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Reanimation - Hermann Gerber

Exhibition view Reanimation 2004

Exhibition view Reanimation 2004

Exhibition view Reanimation 2004

24. September – 21. November 2004

Kunstmuseum

The point of departure for the "Reanimation" exhibition is the oeuvre of the Swiss artist Hermann Gerber (1902-1979), which remained unknown during his lifetime. Gerber produced more than 2,500 drawings of unusual beauty. His subjects were masterpieces of the fine arts. The comprehensive selection of Gerber’s drawings on show here represents the result of an extremely intense, perhaps even obsessive effort on the part of the artist. His motifs are grouped approximately in chronological order: the Middle Ages and Early Renaissance followed by the Italian High Renaissance and Flemish art, etc. – the musée imaginaire of an outsider imbued with a passionate love of art.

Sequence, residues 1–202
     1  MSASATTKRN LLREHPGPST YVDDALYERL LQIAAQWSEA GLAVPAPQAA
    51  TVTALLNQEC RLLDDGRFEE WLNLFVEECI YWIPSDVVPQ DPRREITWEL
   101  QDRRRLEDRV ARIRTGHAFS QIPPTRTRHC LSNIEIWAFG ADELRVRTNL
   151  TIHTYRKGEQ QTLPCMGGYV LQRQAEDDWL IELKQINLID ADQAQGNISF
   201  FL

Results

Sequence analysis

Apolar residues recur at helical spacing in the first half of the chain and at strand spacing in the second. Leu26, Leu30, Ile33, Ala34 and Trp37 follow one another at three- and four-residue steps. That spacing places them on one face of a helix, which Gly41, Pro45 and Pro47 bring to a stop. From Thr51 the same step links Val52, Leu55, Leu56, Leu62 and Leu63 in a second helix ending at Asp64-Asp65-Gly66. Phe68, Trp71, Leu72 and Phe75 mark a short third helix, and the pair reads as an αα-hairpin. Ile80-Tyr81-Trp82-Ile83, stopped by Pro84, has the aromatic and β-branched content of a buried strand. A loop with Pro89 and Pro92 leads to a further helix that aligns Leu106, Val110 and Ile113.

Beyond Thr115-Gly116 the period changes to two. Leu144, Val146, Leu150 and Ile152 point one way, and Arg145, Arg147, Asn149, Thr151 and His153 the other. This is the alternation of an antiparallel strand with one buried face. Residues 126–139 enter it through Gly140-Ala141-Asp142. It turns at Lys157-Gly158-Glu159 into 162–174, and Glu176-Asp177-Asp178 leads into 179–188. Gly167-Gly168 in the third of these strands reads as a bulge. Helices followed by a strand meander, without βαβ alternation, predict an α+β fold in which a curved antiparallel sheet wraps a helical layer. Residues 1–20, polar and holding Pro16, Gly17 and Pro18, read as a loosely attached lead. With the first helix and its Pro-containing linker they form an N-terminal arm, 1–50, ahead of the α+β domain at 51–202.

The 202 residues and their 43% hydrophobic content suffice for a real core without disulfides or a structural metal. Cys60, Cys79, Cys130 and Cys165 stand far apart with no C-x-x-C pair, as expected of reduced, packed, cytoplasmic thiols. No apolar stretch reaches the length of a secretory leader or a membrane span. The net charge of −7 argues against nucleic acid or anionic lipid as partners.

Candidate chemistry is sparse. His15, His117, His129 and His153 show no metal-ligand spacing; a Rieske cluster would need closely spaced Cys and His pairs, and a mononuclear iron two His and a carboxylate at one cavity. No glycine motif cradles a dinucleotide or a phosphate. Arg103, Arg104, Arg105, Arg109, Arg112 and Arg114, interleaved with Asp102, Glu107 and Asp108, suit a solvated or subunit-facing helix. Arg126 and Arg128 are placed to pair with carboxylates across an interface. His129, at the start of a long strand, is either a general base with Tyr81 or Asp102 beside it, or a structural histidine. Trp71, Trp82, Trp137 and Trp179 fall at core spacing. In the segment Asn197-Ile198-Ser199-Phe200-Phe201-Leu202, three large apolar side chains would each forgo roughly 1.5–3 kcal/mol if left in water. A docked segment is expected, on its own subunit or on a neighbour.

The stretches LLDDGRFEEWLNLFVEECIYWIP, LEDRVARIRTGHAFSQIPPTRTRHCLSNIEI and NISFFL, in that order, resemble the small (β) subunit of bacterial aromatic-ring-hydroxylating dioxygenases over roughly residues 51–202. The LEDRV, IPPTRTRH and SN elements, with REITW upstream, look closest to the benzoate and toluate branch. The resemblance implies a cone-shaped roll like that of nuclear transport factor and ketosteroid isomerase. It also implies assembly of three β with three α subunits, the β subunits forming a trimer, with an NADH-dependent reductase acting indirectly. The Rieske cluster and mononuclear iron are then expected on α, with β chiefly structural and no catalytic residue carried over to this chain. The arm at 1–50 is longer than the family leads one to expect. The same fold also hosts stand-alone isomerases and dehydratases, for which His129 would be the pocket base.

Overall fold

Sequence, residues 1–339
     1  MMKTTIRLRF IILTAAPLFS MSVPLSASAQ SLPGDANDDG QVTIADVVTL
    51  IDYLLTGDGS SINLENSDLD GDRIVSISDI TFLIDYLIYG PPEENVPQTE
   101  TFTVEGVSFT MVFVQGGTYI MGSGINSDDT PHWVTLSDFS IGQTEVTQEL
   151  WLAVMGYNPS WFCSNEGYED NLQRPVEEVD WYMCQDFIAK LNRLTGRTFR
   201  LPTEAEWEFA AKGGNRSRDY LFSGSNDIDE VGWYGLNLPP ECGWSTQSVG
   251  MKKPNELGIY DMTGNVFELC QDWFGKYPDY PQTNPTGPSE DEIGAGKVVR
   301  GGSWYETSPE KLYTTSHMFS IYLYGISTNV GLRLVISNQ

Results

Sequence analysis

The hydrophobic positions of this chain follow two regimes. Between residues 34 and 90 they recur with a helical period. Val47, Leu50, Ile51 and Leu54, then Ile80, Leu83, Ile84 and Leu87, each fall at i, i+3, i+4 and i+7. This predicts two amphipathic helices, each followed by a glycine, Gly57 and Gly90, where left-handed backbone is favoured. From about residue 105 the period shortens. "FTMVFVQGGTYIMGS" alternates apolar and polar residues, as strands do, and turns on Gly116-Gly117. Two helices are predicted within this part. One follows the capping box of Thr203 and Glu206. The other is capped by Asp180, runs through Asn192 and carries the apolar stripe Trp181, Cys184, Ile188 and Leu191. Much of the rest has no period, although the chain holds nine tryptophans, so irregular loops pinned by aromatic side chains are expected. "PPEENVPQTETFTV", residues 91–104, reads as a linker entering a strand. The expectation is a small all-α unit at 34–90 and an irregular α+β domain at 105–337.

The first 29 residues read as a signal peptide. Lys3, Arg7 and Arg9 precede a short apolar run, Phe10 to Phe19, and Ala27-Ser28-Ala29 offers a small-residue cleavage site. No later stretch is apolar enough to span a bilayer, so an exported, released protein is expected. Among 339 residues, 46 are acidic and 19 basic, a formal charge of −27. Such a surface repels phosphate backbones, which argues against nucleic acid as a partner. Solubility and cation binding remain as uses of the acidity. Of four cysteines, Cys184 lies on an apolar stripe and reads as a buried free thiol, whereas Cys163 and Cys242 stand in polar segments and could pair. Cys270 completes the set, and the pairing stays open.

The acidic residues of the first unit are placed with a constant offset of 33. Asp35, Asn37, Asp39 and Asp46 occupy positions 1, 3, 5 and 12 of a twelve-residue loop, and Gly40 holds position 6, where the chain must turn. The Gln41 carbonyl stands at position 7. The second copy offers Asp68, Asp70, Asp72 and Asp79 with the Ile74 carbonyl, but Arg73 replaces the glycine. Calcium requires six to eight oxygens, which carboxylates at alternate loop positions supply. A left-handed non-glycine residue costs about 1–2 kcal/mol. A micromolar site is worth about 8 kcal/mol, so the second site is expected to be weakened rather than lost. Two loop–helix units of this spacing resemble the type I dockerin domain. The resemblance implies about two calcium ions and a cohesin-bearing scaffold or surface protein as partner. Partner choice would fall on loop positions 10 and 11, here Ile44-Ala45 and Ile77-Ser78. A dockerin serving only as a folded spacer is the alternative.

Hermann Gerber grew up in Zurich and in his early years travelled to Munich and Berlin to study art. He lived in Paris in the 1920s where he worked as a creator and illustrator of fashion. Back in Switzerland, he was mainly active as a graphic artist. In 1951 Hermann Gerber moved to Aeschi near Spiez in the Bernese Oberland, where he remained until his death in 1979. He led a secluded life and almost no one knew anything about his artistic work. After his death, his heirs discovered his extensive drawings which they later donated to the Print Collection of the Museum für Gestaltung Zürich. This exhibition in Thun is the first time Gerber’s oeuvre is being presented to a broader public.

"Reanimation" places Hermann Gerber in a contemporary and international context. Since the 1970s, that strategy of taking up and appropriating existing artworks has been known in contemporary art as Appropriation Art. In recent years in particular, new exciting positions have been added, some of which are presented here. This encounter is intended to promote the fundamental debate about authorship, artistic independence and originality.